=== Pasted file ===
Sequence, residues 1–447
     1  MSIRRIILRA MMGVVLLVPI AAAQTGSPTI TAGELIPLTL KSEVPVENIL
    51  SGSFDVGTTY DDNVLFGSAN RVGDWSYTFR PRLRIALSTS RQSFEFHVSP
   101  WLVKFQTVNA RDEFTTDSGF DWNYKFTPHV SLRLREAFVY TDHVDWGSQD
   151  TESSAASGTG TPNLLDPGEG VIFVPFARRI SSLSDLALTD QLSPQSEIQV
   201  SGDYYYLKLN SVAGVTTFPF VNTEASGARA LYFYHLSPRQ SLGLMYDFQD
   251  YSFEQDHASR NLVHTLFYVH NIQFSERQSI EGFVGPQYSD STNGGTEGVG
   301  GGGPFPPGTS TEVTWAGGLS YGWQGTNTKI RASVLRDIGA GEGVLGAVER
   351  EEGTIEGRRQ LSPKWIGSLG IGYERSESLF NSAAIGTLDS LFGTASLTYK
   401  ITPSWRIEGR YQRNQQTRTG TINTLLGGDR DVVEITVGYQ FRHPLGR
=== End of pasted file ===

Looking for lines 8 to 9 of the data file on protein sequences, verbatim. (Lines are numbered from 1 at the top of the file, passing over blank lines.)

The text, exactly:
   301  GGGPFPPGTS TEVTWAGGLS YGWQGTNTKI RASVLRDIGA GEGVLGAVER
   351  EEGTIEGRRQ LSPKWIGSLG IGYERSESLF NSAAIGTLDS LFGTASLTYK